Prehistoric tooth found in wake of Tropical Storm Elsa

At a length of 70 feet, armed with razor-sharp 7-inch teeth and with the strongest bite force of any known animal to ever roam, or swim, the Earth, the megalodon was no joke.

With hurricane-force winds that topped out at 75 mph, armed with lethal wind gusts and one of the fastest forward-moving speeds of any tropical system to ever roam the Atlantic, Hurricane Elsa was no joke either.

But beyond their Hollywood names, what could bring these two fantastical beasts together?

Well, days after Elsa's deadly rampage through the Southeast as a tropical storm, the former hurricane left a parting gift for one beach walker: a 4-inch-long fossilized megalodon tooth.

"It's something so ancient," Jacob Danner said in a phone call with AccuWeather. "You pick up something that's millions of years old from a creature on the planet, and it takes you back to that childlike fascination of dinosaurs and all the mysteries that are only hinted at when we read about them."

Danner told AccuWeather that he was out on a walk on Fernandina Beach, located in the greater Jacksonville, Florida, area when he made the remarkable discovery not long after Elsa had churned the waters. In the storm's wake, hidden deposits from eras long ago washed ashore the beaches.

Jacob Danner shares a photo of his historic megalodon tooth discovery, found in the wake of Tropical Storm Elsa. (Facebook/Jacob Danner)

Danner is an avid collector and historian, but he refers to himself more as a hobbyist than an expert. In his most fruitful venture, he said he once found 33 different shark teeth in a two-hour period. However, prior to this summer, he had never come across a megalodon tooth since moving to the coastal area last January.

But even more incredible than his post-Elsa megalodon find? It was his second such discovery in less than a month.

Just three weeks earlier, Danner had found his first-ever megalodon tooth, a long-awaited uncovering that he said almost made him feel guilty.

"The first one that I found, I think it was like June 17 or 18, I just froze and looked around like I was walking on the sidewalk and came across a $100 bill," he said. "There's part of it that's a surprise and another part of it that feels guilty, not sure how to feel. I looked and was just holding it, turning it in my hands."

Danner's incredible post-Elsa megalodon discovery wasn't the first tooth he found from the prehistoric shark. (Facebook/Jacob Danner)

But after that first find, he said weeks of poor weather kept him from going on his sunrise walks and searching out more treasures. Dreary overcast conditions, both before and after Elsa, kept him inside until the storm passed.

As soon as he got back out there, however, lightning struck twice.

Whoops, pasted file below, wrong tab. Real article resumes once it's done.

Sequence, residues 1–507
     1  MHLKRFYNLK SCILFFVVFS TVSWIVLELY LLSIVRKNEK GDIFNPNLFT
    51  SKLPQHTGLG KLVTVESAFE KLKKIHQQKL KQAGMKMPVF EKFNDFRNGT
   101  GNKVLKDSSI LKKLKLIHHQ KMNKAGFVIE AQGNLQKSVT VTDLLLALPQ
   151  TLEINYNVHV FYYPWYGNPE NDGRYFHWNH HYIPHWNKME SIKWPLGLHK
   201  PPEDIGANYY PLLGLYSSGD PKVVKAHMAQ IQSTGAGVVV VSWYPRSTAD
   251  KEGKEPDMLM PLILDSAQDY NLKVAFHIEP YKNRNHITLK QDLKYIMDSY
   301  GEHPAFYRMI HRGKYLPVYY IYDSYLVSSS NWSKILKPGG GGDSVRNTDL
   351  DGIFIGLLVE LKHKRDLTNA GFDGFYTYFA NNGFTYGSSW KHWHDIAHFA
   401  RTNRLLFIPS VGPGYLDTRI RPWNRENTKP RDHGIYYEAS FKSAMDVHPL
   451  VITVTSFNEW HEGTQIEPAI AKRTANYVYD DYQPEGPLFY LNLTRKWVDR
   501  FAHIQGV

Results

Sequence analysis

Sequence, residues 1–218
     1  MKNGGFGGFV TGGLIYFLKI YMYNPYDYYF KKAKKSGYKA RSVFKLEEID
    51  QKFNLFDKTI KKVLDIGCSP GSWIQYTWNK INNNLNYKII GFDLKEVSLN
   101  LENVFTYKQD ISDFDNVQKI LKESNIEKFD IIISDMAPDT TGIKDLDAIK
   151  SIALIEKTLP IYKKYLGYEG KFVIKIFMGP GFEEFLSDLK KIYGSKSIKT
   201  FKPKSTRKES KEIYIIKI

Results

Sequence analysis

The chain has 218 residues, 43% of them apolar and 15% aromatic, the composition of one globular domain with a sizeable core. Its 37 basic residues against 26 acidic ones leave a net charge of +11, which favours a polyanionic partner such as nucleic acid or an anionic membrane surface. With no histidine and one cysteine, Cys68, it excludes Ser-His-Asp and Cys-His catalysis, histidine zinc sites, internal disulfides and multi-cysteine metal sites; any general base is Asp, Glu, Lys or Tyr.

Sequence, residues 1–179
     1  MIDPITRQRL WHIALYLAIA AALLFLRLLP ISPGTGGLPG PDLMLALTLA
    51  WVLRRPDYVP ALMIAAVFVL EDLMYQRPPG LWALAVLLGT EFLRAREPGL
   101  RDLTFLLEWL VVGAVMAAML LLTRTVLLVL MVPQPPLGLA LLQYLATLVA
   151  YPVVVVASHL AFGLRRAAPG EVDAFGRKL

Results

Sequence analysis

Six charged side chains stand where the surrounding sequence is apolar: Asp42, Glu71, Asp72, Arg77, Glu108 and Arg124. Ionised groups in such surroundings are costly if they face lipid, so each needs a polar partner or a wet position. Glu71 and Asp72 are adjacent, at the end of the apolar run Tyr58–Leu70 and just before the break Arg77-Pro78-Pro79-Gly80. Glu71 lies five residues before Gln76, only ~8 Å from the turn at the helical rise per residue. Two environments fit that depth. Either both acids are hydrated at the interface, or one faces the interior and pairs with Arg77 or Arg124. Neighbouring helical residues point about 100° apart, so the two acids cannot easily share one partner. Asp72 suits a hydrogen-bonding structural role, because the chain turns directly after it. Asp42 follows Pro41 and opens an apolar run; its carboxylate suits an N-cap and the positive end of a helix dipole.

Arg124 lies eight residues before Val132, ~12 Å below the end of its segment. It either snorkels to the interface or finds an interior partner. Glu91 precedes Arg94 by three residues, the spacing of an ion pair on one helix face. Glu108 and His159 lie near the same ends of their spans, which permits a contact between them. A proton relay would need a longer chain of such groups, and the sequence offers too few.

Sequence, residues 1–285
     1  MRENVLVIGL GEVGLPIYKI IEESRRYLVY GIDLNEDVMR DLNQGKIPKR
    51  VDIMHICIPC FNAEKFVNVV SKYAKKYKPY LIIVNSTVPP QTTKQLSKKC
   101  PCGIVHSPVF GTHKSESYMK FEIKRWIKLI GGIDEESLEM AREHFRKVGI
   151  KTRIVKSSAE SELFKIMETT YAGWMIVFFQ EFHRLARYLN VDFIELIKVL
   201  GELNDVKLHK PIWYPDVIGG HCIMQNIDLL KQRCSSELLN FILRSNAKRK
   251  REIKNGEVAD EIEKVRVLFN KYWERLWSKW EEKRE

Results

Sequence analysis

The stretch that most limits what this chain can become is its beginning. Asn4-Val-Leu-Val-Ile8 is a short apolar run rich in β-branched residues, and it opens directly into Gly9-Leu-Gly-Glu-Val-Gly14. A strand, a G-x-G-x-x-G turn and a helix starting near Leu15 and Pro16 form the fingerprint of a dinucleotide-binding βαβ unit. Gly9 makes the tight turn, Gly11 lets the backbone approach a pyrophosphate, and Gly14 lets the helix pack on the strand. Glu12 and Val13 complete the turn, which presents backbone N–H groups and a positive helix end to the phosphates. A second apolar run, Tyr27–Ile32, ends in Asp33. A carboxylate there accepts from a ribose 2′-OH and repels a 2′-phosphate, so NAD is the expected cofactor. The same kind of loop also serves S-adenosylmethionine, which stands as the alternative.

"This was only the second time in weeks that I had gone out and both times, watching the sunrise on a beach walk, I found the megalodon teeth," he said with a laugh. "It feels like you get a little fragment of the mysteries of the history of our planet."


In his discoveries, Danner has grown to appreciate the lending hand Mother Nature provides in unearthing those mysteries. He said systems like thunderstorms and nor'easters help churn the waters, bringing new discoveries to shore.

It's like the wind and wave action does a lot of the digging for you, he said.

"Weather certainly informs a lot of the hunting," he said. "So when I watch the tides, I watch the app to check because, for me, the best time to go is always two hours after peak high tide when the tide starts going back out, it's like churning the shore in reverse. So I like to walk a strip back and forth, back and forth, following that and just seeing what the waves turn over."

In this March 16, 2011, photo John Schofield and his daughter Ellie Schofield, 5, look at the Shark Jaw of a megalodon, a prehistoric shark, at the Museum of Nature and Science in Dallas. The jaw is 11 feet wide and almost 9 feet tall, it consists of 182 teeth collected from South Carolina rivers. (AP Photo/Rich Matthews)

The history of his fossils dates back millions and millions of years. The long-extinct shark species domineered the world's oceans from the early Miocene Epoch, over 23.03 million years ago, to the end of the Pliocene Epoch, about 2.5 million years ago, according to Brittanica.

The name 'megalodon' itself means 'giant tooth,' an apt name for one of the largest fish this world has ever seen. Armed with hundreds of serrated teeth and a bite force between 108,514 and 182,201 newtons (humans average a bite force of 1,317 newtons), megalodons are believed to have casually snacked on any and all sea creatures, including whales and other sharks.

Their teeth have survived the last couple million years thanks to a fossilization process known as permineralization. Danner said that he had read that when an all-black tooth is found, it likely indicates a fossil that's at least 11 million years old.

He joked that they look delicately shined as if a jeweler polished them.

"It's showroom ready as is! These things are just incredible, I'm astounded that they could survive all those millions of years," he said.

Correction: A previous version misspelled the location of where the tooth was found. It was found on the shores of Fernandina Beach, Florida, not Fernandino Beach.

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